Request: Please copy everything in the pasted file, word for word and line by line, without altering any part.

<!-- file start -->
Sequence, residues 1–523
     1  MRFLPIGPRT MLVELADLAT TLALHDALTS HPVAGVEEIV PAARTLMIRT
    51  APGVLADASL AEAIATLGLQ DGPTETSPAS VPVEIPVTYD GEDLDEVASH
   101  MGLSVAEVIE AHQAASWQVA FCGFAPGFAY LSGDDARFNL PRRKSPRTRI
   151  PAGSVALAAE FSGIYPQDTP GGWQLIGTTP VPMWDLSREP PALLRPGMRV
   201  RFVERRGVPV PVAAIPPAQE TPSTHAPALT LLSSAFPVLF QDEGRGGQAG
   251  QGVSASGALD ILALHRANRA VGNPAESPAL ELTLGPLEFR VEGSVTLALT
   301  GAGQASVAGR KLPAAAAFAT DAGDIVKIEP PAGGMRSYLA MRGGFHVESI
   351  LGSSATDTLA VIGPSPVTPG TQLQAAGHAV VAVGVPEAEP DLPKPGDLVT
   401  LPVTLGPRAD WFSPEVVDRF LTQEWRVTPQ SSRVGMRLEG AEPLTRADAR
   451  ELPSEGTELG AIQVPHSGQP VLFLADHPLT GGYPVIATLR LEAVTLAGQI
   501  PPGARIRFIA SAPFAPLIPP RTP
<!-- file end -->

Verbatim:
Sequence, residues 1–523
     1  MRFLPIGPRT MLVELADLAT TLALHDALTS HPVAGVEEIV PAARTLMIRT
    51  APGVLADASL AEAIATLGLQ DGPTETSPAS VPVEIPVTYD GEDLDEVASH
   101  MGLSVAEVIE AHQAASWQVA FCGFAPGFAY LSGDDARFNL PRRKSPRTRI
   151  PAGSVALAAE FSGIYPQDTP GGWQLIGTTP VPMWDLSREP PALLRPGMRV
   201  RFVERRGVPV PVAAIPPAQE TPSTHAPALT LLSSAFPVLF QDEGRGGQAG
   251  QGVSASGALD ILALHRANRA VGNPAESPAL ELTLGPLEFR VEGSVTLALT
   301  GAGQASVAGR KLPAAAAFAT DAGDIVKIEP PAGGMRSYLA MRGGFHVESI
   351  LGSSATDTLA VIGPSPVTPG TQLQAAGHAV VAVGVPEAEP DLPKPGDLVT
   401  LPVTLGPRAD WFSPEVVDRF LTQEWRVTPQ SSRVGMRLEG AEPLTRADAR
   451  ELPSEGTELG AIQVPHSGQP VLFLADHPLT GGYPVIATLR LEAVTLAGQI
   501  PPGARIRFIA SAPFAPLIPP RTP